1. New technique may lead to faster drug tests

New technique may lead to faster drug tests

MIT scientists have developed a new technique that measures growth of many individual cells simultaneously, an advance that could lead to rapid tests for antibiotics and other drugs.

By: | Washington | Published: September 6, 2016 5:53 PM

MIT scientists have developed a new technique that measures growth of many individual cells simultaneously, an advance that could lead to rapid tests for antibiotics and other drugs.

The technique offers new insights into growth variation across single cells within larger populations, and helps track the dynamic growth of cells to changing environmental conditions, researchers said.

It uses an array of suspended microchannel resonators (SMR), a type of microfluidic device that measures the mass of individual cells as they flow through tiny channels.

A novel design has increased throughput of the device by nearly two orders of magnitude, while retaining precision, said professor Scott Manalis from Massachusetts Institute of Technology (MIT) in the US.

The researchers used the device to observe the effects of antibiotics and antimicrobial peptides on bacteria, and to pinpoint growth variations of single cells among populations, which has important clinical applications.

Slower-growing bacteria, for instance, can sometimes be more resistant to antibiotics and may lead to recurrent infections, researchers said.
“The device provides new insights into how cells grow and respond to drugs,” said Manalis.

Manalis and colleagues first developed the SMR in 2007 and have since introduced multiple innovations for different purposes, including to track single cell growth over time, measure cell density, weigh cell-secreted nanovesicles, and, most recently, measure the short-term growth response of cells in changing nutrient conditions.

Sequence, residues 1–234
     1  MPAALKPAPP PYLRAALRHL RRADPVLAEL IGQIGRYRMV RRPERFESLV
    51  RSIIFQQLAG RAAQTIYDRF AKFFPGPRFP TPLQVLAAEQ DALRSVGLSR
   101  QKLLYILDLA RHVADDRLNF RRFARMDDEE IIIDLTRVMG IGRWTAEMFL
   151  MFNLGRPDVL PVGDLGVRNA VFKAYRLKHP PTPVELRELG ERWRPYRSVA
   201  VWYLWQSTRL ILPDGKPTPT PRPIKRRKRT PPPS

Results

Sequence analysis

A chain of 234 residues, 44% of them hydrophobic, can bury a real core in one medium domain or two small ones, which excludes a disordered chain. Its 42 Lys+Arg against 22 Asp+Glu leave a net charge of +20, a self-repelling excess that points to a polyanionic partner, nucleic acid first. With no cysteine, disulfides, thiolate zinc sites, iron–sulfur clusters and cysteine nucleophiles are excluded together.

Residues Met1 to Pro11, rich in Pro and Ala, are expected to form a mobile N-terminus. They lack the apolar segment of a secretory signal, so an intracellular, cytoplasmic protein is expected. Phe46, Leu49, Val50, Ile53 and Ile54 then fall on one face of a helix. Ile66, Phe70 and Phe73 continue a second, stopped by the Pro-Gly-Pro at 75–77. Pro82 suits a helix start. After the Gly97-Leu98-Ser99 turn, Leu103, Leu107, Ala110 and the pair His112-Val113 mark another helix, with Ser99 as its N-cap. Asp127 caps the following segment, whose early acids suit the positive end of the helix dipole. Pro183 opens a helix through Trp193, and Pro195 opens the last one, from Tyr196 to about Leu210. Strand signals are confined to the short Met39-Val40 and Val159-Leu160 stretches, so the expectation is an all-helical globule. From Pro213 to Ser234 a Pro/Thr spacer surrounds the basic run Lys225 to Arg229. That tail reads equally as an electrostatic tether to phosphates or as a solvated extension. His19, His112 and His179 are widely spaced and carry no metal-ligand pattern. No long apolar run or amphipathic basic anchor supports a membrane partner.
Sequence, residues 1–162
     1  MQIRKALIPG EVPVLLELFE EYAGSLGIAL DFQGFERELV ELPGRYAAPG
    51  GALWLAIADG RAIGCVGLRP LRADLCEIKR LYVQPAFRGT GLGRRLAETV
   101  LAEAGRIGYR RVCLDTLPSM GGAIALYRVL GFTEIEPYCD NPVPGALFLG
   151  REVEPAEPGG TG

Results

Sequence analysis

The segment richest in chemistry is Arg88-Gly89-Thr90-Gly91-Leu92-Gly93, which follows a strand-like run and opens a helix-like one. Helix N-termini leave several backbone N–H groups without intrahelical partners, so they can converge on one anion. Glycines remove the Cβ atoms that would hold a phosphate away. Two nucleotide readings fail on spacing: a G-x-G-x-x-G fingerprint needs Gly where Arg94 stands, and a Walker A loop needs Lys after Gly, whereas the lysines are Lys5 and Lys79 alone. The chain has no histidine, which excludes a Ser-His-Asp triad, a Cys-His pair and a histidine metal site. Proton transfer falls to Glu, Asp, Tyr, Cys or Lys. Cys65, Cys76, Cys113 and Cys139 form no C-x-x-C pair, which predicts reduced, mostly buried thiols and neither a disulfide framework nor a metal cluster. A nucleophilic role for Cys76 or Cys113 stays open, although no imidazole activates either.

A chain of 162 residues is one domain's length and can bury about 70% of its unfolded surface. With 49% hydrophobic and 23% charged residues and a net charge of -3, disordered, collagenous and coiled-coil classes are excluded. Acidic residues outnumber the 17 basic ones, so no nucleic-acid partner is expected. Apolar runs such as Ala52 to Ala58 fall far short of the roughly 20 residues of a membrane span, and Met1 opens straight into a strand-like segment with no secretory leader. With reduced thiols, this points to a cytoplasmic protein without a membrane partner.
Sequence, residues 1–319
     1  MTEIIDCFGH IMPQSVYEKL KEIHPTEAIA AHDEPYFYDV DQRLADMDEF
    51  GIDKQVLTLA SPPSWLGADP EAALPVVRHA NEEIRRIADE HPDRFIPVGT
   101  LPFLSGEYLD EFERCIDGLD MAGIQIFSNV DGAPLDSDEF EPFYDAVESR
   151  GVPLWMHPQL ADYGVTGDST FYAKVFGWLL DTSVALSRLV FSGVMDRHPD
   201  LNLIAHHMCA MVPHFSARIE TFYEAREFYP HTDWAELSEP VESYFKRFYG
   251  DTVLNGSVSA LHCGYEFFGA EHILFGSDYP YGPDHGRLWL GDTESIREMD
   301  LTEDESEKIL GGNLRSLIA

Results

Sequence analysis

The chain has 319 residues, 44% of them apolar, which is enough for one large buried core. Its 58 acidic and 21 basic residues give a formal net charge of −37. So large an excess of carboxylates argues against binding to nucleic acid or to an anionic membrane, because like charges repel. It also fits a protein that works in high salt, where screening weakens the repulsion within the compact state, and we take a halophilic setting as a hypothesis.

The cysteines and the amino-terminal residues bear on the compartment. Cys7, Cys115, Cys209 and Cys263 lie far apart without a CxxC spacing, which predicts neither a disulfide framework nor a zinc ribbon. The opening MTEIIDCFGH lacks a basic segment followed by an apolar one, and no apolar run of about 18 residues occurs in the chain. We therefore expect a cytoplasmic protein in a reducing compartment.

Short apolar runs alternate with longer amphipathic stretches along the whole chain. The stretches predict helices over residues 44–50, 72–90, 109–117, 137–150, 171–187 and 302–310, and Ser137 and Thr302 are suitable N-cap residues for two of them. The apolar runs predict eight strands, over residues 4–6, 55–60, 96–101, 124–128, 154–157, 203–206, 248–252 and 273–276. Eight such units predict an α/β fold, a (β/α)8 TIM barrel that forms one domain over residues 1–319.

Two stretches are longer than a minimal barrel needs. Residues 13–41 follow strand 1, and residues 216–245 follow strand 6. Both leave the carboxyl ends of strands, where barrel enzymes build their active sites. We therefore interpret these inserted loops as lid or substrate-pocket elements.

All of these techniques have relied on a crucial scheme: One fluid-filled microchannel is etched in a tiny silicon cantilever sensor that vibrates inside a vacuum cavity.

When a cell enters the cantilever, it slightly alters the sensor’s vibration frequency, and this signal can be used to determine the cell’s weight.
To measure a cell’s growth rate, researchers could pass an individual cell through the channel repeatedly, back and forth, over a period of about 20 minutes.

During that time, a cell can accumulate mass that is measurable by the SMR.

However, while the SMR weighs cells 10 to 100 times more accurately than any other method, it has been limited to one cell at a time, meaning it could take many hours, or even days, to measure enough cells.
The key to the new technology was designing and controlling an array of 10 to 12 cantilever sensors that act like weigh stations, recording the mass of a cell as it flows through the postage-stamp-sized device.

Between each sensor are winding “delay channels,” each about five centimetres in length, through which the cells flow for about two minutes, giving them time to grow before reaching the next sensor.

The research was published in the journal Nature Biotechnology.

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